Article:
Just 48 hours to design an app

The goal of CareOwl is simple: to make standards of care more uniform, improve health outcomes, lower COVID-19 infection rates, and ensure the wellness of the caregivers themselves.

The goal of CareOwl is simple: to make standards of care more uniform, improve health outcomes, lower COVID-19 infection rates, and ensure the wellness of the caregivers themselves.

Credit: Getty

In 5 seconds

With colleagues in the U.S. and Singapore, an UdeM PhD student wins a prize at MIT’s COVID-19 Challenge with the concept of a new mobile application to train nursing home staff.

Creativity and speed are hallmarks of research these days into the COVID-19 pandemic, and Université de Montréal pharmacology PhD student Trevor Rajchgot has proven he can excel in both, without leaving home.

Quickly assembling an online team of four other participants from the U.S. and Singapore two weeks ago, the 27-year-old Montrealer took just 48 hours to come up the concept of a training app to help front-line health-care workers do their job better.

It’s called CareOwl, and the project won Rajchgot’s team $500 and a prize in their category – solutions for nursing homes and assisted living facilities – at the MIT COVID-19 Challenge, a hackathon held from May 29 to 31 by the Massachusetts Institute of Technology.

“Frontline health workers are facing a lack of COVID-specific training, support, and access to up-to-date best practices and standards of care,” said Rajchgot, whose academic path took him from Lower Canada College to McGill University, Georgetown University and UdeM.

“To help them address those problems, CareOwl is a web and mobile platform they can use to access COVID-19 educational and training resources that includes peer-to-peer support, fun and accessible multimedia training modules, and access to expert-driven advice.

“The goal is simple: to make standards of care more uniform, improve health outcomes, lower COVID-19 infection rates, and ensure the wellness of the caregivers themselves. All that, from an app.”

More than 1,800 participants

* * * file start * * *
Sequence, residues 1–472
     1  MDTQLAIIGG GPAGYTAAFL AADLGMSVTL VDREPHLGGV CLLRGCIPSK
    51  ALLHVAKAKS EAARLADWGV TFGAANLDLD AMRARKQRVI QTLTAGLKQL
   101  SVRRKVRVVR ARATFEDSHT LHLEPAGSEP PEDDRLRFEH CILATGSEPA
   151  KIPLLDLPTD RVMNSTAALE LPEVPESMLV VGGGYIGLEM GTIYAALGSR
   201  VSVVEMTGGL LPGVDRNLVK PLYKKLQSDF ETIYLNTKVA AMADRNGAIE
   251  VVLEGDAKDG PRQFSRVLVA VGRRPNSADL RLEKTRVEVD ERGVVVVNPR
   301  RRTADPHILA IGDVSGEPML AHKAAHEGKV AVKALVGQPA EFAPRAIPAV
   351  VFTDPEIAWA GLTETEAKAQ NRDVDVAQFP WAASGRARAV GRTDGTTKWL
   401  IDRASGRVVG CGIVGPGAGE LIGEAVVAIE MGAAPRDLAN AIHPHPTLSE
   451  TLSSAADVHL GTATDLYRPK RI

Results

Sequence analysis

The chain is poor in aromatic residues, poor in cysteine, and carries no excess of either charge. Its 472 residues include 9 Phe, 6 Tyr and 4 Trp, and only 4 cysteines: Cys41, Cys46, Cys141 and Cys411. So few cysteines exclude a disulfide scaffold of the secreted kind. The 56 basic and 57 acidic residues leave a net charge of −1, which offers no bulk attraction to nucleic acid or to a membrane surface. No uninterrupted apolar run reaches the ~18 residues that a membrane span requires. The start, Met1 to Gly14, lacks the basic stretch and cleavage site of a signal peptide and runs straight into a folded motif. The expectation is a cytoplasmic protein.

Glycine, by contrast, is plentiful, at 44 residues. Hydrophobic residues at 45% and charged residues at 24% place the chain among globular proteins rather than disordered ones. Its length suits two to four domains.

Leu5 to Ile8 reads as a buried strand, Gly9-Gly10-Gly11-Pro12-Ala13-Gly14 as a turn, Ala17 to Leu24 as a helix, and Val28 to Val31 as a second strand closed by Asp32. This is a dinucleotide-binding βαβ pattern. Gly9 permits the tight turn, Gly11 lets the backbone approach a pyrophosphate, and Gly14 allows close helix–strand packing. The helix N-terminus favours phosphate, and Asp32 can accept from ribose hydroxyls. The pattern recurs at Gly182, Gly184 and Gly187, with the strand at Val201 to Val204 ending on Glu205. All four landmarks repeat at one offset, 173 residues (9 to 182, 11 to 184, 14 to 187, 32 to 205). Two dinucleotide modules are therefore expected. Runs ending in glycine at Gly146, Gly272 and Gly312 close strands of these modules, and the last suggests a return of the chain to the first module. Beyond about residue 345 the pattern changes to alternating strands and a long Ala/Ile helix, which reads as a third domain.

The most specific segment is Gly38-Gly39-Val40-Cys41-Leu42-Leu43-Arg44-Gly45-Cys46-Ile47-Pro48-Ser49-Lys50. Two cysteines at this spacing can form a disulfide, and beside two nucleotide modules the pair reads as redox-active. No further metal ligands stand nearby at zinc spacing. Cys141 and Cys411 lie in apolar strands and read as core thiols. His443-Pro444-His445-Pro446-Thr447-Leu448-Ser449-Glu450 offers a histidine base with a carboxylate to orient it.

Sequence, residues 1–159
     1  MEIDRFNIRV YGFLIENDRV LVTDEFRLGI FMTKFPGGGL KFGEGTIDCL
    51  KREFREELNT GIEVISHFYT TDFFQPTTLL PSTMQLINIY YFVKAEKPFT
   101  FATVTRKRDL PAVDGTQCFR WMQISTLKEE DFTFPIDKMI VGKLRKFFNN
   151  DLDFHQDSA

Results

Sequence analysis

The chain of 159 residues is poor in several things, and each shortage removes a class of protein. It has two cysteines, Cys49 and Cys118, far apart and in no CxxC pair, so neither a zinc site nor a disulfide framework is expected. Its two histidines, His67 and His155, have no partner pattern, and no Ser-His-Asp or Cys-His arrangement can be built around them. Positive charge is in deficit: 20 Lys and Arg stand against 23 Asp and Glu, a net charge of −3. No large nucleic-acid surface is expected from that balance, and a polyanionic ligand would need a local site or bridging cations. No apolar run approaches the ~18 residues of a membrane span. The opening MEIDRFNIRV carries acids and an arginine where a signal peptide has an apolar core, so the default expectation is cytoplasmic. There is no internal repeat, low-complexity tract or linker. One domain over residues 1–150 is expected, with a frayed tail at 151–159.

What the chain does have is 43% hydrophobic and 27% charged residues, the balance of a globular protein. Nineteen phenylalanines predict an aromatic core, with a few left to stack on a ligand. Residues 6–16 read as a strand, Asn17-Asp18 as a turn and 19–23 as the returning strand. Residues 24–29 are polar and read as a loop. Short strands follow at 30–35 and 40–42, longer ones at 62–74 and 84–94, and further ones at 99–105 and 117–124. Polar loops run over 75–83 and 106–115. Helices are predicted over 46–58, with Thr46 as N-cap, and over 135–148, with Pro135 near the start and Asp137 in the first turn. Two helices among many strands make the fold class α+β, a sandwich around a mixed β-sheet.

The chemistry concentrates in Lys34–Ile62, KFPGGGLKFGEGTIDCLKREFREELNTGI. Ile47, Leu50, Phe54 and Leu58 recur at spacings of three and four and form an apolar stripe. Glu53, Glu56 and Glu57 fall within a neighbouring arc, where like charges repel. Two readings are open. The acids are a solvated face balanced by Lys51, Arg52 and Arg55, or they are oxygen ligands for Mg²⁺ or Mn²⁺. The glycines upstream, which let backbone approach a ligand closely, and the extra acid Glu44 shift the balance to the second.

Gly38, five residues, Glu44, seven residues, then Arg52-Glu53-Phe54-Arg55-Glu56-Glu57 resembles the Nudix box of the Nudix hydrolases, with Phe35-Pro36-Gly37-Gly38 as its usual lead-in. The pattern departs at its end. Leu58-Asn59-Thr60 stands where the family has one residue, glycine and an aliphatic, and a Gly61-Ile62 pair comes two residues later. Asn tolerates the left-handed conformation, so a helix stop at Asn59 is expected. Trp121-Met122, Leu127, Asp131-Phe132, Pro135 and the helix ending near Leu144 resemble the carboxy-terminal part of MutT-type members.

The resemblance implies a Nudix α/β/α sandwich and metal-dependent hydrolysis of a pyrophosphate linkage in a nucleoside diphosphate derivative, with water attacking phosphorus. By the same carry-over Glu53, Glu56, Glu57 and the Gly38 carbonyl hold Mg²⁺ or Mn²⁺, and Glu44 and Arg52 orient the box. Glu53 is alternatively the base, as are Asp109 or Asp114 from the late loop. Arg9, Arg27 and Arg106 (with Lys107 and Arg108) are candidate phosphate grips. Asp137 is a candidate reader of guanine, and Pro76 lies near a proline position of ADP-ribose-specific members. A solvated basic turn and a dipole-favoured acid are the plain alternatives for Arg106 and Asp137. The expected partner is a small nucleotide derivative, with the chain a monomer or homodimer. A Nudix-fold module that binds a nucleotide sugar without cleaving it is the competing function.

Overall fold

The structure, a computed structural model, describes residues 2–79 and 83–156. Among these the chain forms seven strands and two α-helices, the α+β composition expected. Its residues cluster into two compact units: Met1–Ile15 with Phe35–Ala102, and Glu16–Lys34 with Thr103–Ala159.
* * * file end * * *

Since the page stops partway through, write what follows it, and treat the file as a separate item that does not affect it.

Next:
The MIT hackathon attracted over 1,800 participants from some 89 countries, including Canada.

Preparing for it, Rajchgot went on Slack.com to assemble his team: two PhD students in nursing and biology at the University of Pennsylvania, one data scientist with a PhD and MBA in St. Louis, Missouri, and a user experience and interface (UX/UI) designer in Singapore.

Now in development, CareOwl would be available to orderlies, nursing assistants and nurses who work with the elderly in hospitals and group homes, in addition to long-term care and military veterans’ facilities.

In Quebec, the number of deaths from COVID-19 has topped 5,000 — more than half the Canadian total — with the vast majority occurring in long-term-care facilities, where staff are often poorly trained, overworked and underpaid.

“A lot of these people have a difficult time finding full-time work, so they’re working in multiple facilities, without proper training,” said Rajchgot. “They’re flying blind, unaware of the best practices to minimize the risk of spreading coronavirus.

“This mismatch between individuals and proper training procedures is something we identified in developing our app, so we wanted to come up with a simple and rapidly deployable solution.”

Proposals from the other 18 teams that completed the hackathon in the nursing-homes  category included things like “care robots” and automated body-temperature scans. Four, including Rajchgot’s team, were judged the best of the lot.

Details about CareOwl and how to use it are still under wraps; Rajchgot and his team are now busy building it out to eventually test it in a pilot project with an academic or private partner here or in the U.S.

“For now, we have a visual prototype and architecture,” the PhD candidate said. “It’s going to be very easy to use, visually appealing and inviting for care workers to try it out and use, once it’s ready.”

  • Trevor Rajchgot (lower left) and the rest of his team communicate virtually during the MIT COVID-19 Challenge at the end of May.

    Credit: Trevor Rajchgot

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